If the authors are serious, this is a silly, distasteful book. If they are not, it’s a brilliant satire.

Pub Date: Sept. 1, 1998

ISBN: 0-670-88146-5

Page Count: 430

Publisher: Viking

Review Posted Online: May 20, 2010

Kirkus Reviews Issue: July 15, 1998

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A timely, vividly realized reminder to slow down and harness the restorative wonders of serenity.


An exploration of the importance of clarity through calmness in an increasingly fast-paced world.

Austin-based speaker and strategist Holiday (Conspiracy: Peter Thiel, Hulk Hogan, Gawker, and the Anatomy of Intrigue, 2018, etc.) believes in downshifting one’s life and activities in order to fully grasp the wonder of stillness. He bolsters this theory with a wide array of perspectives—some based on ancient wisdom (one of the author’s specialties), others more modern—all with the intent to direct readers toward the essential importance of stillness and its “attainable path to enlightenment and excellence, greatness and happiness, performance as well as presence.” Readers will be encouraged by Holiday’s insistence that his methods are within anyone’s grasp. He acknowledges that this rare and coveted calm is already inside each of us, but it’s been worn down by the hustle of busy lives and distractions. Recognizing that this goal requires immense personal discipline, the author draws on the representational histories of John F. Kennedy, Buddha, Tiger Woods, Fred Rogers, Leonardo da Vinci, and many other creative thinkers and scholarly, scientific texts. These examples demonstrate how others have evolved past the noise of modern life and into the solitude of productive thought and cleansing tranquility. Holiday splits his accessible, empowering, and sporadically meandering narrative into a three-part “timeless trinity of mind, body, soul—the head, the heart, the human body.” He juxtaposes Stoic philosopher Seneca’s internal reflection and wisdom against Donald Trump’s egocentric existence, with much of his time spent “in his bathrobe, ranting about the news.” Holiday stresses that while contemporary life is filled with a dizzying variety of “competing priorities and beliefs,” the frenzy can be quelled and serenity maintained through a deliberative calming of the mind and body. The author shows how “stillness is what aims the arrow,” fostering focus, internal harmony, and the kind of holistic self-examination necessary for optimal contentment and mind-body centeredness. Throughout the narrative, he promotes that concept mindfully and convincingly.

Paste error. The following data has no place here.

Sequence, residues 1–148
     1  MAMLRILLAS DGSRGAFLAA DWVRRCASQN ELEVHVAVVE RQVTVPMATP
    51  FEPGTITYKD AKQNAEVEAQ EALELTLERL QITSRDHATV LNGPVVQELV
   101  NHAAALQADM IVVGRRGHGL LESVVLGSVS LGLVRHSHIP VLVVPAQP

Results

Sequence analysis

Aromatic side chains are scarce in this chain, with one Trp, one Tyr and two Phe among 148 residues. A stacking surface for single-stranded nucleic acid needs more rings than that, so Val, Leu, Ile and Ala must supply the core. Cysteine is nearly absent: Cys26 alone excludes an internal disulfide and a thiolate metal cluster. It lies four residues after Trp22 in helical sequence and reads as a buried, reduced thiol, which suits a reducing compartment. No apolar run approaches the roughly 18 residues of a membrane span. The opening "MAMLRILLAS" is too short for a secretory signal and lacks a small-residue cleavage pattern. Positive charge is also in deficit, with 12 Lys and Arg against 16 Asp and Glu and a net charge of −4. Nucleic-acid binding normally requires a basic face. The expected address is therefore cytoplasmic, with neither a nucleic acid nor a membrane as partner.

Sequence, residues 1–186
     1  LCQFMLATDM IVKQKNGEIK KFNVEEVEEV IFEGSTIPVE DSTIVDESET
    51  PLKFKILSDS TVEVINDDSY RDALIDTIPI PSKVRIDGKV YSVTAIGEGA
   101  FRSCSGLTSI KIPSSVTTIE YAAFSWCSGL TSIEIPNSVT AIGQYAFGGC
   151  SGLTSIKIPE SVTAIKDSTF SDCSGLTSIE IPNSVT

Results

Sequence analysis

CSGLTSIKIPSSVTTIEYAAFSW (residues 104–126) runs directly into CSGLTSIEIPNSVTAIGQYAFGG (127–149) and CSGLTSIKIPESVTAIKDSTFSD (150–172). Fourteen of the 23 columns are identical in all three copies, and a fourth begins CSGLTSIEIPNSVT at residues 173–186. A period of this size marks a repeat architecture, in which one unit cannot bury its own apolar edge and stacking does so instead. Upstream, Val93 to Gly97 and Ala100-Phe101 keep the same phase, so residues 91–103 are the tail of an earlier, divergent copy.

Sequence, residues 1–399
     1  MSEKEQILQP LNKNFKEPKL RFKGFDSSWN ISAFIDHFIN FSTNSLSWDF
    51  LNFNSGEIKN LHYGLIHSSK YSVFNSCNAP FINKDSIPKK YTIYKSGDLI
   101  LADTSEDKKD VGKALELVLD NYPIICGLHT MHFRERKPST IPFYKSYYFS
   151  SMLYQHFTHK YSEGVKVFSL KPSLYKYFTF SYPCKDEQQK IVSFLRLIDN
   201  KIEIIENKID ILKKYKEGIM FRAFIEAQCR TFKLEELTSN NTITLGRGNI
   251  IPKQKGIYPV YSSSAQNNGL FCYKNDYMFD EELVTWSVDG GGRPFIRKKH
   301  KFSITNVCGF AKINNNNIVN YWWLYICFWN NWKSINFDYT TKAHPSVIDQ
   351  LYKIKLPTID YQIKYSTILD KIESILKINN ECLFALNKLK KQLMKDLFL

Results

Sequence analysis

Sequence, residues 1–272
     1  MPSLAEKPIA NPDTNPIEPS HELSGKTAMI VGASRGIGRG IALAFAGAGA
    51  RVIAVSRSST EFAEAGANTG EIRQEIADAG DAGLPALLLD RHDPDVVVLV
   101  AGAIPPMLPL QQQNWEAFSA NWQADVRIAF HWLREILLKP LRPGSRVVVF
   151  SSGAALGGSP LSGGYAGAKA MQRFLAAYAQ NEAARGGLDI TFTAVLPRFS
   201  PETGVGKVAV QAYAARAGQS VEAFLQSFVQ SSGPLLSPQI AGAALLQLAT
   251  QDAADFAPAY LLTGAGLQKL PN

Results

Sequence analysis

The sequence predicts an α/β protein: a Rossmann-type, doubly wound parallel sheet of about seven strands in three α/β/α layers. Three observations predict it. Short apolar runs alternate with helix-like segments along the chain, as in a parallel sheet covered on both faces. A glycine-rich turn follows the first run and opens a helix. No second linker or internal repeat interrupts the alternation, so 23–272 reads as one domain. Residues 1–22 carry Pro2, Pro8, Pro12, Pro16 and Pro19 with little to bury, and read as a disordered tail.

A timely, vividly realized reminder to slow down and harness the restorative wonders of serenity.

Pub Date: Oct. 1, 2019

ISBN: 978-0-525-53858-5

Page Count: 288

Publisher: Portfolio

Review Posted Online: July 21, 2019

Kirkus Reviews Issue: Aug. 15, 2019